But then, in the summer of 1992, came the infamous and oddly reported Vanity Fair story that made Love the unlikely poster girl for heroin addiction in America — and which the couple believed contributed to them having to surrender their infant to temporary custody. Suddenly reclusive, they began a battle with the media that would not end until Cobain’s suicide.
First came the sensationalistic tabloid reports, and then the unauthorized biographers; Cobain confessed his onetime heroin use to the Los Angeles Times as a preemptive measure — the drugs, he claimed, calmed his incessant stomach pain — and the band, excepting Novoselic’s benefit concert for Bosnian rape victims, largely refrained from playing live for more than a year. Nirvana recorded a third album, the knotty but beautiful In Utero, and months before it was released Newsweek ran a full-page article claiming the band had allowed its label to compromise the producer’s vision. In March came Cobain’s brief drug and alcohol-induced coma in Rome, followed by — during the week nobody could find him — rumors of the band breaking up. The reality was much worse.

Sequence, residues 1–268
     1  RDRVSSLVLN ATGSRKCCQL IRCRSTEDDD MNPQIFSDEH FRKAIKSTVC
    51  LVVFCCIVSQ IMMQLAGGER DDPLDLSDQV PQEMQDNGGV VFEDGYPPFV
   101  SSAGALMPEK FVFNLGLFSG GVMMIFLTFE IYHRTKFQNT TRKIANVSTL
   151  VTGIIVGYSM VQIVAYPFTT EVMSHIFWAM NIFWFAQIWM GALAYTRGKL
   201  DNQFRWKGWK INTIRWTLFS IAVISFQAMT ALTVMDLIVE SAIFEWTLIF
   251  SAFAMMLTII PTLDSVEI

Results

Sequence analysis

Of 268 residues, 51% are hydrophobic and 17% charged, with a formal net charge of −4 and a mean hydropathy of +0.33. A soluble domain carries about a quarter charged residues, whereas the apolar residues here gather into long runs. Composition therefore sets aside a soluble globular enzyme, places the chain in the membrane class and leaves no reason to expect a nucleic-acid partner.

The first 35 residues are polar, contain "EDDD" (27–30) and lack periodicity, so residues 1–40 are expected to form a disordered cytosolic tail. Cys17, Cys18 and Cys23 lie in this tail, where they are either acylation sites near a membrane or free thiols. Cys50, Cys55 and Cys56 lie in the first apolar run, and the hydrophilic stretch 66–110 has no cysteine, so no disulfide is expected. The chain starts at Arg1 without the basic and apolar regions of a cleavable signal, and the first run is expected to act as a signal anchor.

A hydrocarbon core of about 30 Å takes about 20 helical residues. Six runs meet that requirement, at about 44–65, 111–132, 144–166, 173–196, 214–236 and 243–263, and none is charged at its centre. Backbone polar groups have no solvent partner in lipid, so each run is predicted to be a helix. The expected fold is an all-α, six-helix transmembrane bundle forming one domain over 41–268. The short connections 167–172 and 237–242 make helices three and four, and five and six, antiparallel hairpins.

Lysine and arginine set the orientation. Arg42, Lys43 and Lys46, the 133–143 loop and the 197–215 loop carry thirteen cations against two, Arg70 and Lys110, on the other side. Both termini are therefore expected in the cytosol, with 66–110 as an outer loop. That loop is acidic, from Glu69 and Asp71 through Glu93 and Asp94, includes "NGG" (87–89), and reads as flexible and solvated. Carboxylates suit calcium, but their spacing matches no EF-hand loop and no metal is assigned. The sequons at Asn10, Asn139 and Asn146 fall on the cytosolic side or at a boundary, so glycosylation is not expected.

Even back in the late ’80s, long before his searing stomach ailments became the stuff of music-industry legend, Cobain looked as if he was in pain when he sang, teeth clenched, lips barely open, jaw locked in place, air forced from a chest seemingly so constricted with physical agony that when his voice rose much above a whisper the sound would break up into three or four parts, an effect previously heard only from Gyuoto monks and from highly trained performance-art divas. In certain circles, pain is thought to equal integrity; in other circles, pain is mistaken for art.